Open Access Determination of Four Quinones in Diesel Exhaust Particles, SRM 1649a, and Atmospheric PM2.5

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Abstract:

Quinones are reactive organic compounds and are known to initiate reactions associated with many toxicological events. Their presence in air pollution has been demonstrated, but routine quantitative measurements are lacking. A quantitative method for the determination of four quinones was developed using diesel exhaust particles (DEP) and National Institute of Standards and Technology (NIST) Standard Reference Material (SRM) 1649a. The method was then used to analyze ambient air samples from different sites in Southern California. After extraction in dichloromethane, the target compounds were converted to their stable diacetyl derivatives and determined by electron impact GC-MS using selected ion monitoring. Calibration plots were obtained with deuterium-labeled internal standards. The four quinones, 1,2- naphthoquinone (1,2-NQ), 1,4-naphthoquinone (1,4-NQ), 9,10phenanthraquinone (9,10-PQ), and 9,10-anthraquinone (9,10-AQ), were quantified in DEP, in SRM 1649a, and in ambient air samples of PM2.5 collected in several rural and urban sampling locations upwind and downwind of major emission sources in Central Los Angeles. Mean concentration of individual target quinones ranged from 7.9–40.4 μ g/g in the DEP, and from 5–730 pg/m3 in the PM2.5 samples. Precision (repeatability and reproducibility) varied from 2–22%. Further measurements of these species in future air samples should be considered in light of their potential health significance.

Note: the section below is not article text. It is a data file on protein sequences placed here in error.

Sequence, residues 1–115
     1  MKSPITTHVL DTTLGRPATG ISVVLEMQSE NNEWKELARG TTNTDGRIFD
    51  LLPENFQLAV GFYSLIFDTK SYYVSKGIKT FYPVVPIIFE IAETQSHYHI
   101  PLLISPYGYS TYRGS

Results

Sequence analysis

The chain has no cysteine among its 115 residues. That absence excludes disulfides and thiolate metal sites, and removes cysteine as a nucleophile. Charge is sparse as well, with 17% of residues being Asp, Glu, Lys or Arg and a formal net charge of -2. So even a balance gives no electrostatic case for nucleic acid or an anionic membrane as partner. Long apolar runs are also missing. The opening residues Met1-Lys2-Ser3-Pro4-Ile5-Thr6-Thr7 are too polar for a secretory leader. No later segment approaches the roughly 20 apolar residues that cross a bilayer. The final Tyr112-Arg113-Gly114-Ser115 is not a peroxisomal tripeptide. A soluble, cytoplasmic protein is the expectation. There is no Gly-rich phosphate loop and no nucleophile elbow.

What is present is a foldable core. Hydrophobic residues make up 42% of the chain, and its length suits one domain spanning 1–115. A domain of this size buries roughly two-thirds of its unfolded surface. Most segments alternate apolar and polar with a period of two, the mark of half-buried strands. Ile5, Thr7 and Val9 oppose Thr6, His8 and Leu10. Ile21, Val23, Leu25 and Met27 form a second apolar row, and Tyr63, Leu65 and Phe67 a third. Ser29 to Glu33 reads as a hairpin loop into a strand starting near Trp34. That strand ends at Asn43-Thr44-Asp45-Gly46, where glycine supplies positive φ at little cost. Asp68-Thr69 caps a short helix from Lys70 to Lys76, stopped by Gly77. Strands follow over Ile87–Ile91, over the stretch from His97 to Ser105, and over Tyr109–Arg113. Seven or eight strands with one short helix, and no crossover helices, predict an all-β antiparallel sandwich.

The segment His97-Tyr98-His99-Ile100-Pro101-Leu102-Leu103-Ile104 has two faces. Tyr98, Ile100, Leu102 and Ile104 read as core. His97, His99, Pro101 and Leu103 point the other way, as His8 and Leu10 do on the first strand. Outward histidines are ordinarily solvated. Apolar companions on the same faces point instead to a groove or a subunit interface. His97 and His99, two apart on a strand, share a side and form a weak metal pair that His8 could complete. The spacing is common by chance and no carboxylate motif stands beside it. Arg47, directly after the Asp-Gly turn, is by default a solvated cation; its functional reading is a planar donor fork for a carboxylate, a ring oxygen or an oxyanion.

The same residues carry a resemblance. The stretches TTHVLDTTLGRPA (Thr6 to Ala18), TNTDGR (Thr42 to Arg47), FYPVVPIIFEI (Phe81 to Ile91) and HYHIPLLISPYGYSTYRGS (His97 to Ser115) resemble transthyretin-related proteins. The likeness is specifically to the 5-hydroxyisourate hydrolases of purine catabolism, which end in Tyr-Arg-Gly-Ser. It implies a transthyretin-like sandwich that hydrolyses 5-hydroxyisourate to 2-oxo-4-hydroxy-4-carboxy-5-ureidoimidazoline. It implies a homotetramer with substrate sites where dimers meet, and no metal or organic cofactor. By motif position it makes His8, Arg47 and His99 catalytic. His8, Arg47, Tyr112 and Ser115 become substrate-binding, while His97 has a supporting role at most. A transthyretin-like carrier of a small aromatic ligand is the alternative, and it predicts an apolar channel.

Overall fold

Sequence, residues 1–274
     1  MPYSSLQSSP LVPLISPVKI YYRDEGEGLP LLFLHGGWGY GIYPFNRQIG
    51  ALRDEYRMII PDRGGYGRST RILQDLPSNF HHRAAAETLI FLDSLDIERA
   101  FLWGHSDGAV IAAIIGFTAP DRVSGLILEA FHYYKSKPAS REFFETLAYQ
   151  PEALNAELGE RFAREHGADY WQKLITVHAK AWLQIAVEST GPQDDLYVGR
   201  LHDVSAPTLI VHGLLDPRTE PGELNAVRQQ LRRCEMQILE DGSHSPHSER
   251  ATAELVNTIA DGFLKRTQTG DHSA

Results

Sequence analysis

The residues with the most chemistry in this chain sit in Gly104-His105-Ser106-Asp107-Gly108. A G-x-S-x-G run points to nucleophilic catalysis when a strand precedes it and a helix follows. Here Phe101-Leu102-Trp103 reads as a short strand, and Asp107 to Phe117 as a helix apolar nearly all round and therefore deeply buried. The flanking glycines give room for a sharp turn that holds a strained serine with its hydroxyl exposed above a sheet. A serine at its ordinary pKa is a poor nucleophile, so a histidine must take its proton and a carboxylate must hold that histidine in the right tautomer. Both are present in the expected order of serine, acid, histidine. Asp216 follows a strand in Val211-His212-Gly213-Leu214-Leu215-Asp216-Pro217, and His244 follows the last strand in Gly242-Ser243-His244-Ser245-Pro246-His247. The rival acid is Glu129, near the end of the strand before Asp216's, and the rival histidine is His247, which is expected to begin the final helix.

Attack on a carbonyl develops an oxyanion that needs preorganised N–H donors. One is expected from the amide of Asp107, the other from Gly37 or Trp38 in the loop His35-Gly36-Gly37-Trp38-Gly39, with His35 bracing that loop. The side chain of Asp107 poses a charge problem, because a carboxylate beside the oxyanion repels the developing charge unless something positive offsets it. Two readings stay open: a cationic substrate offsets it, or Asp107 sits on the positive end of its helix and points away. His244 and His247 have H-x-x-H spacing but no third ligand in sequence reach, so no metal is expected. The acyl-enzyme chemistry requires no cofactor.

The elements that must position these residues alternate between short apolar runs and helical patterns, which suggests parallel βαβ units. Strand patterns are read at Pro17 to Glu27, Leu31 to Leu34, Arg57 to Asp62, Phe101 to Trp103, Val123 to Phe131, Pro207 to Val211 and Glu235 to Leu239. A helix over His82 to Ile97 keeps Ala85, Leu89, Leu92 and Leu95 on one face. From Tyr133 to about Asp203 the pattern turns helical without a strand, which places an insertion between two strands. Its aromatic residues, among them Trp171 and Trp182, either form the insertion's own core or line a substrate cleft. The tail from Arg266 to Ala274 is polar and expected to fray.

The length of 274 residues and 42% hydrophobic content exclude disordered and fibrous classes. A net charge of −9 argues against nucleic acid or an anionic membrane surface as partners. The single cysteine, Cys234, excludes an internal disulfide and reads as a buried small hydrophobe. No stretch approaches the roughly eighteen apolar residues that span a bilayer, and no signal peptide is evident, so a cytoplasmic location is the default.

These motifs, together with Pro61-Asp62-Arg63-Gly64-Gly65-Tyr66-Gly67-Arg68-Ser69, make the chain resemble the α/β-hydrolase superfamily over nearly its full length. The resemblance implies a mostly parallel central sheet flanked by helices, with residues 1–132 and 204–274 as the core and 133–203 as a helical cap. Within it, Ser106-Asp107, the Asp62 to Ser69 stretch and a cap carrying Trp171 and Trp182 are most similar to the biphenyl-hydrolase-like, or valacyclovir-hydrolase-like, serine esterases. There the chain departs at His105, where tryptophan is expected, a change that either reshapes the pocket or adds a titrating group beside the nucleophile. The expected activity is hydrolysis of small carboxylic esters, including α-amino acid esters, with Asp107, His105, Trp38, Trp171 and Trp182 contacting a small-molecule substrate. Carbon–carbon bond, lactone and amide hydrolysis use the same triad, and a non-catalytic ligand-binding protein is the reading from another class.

Document Type: Research Article

DOI: http://dx.doi.org/10.1080/02786820390229471

Affiliations: 1: Environmental Health Sciences Divisions, National Institute for Environmental Studies, Tsukuba, Ibaraki, Japan 2: Department of Molecular and Medical Pharmacology, School of Medicine, University of California Los Angeles, Los Angeles, California 3: Department of Environmental Medicine, Institute of Community Medicine, University of Tsukuba, Tsukuba, Ibaraki, Japan 4: Southern California Particle Center and Supersite, Institute of the Environment, University of California Los Angeles, Los Angeles, California

Publication date: January 1, 2004

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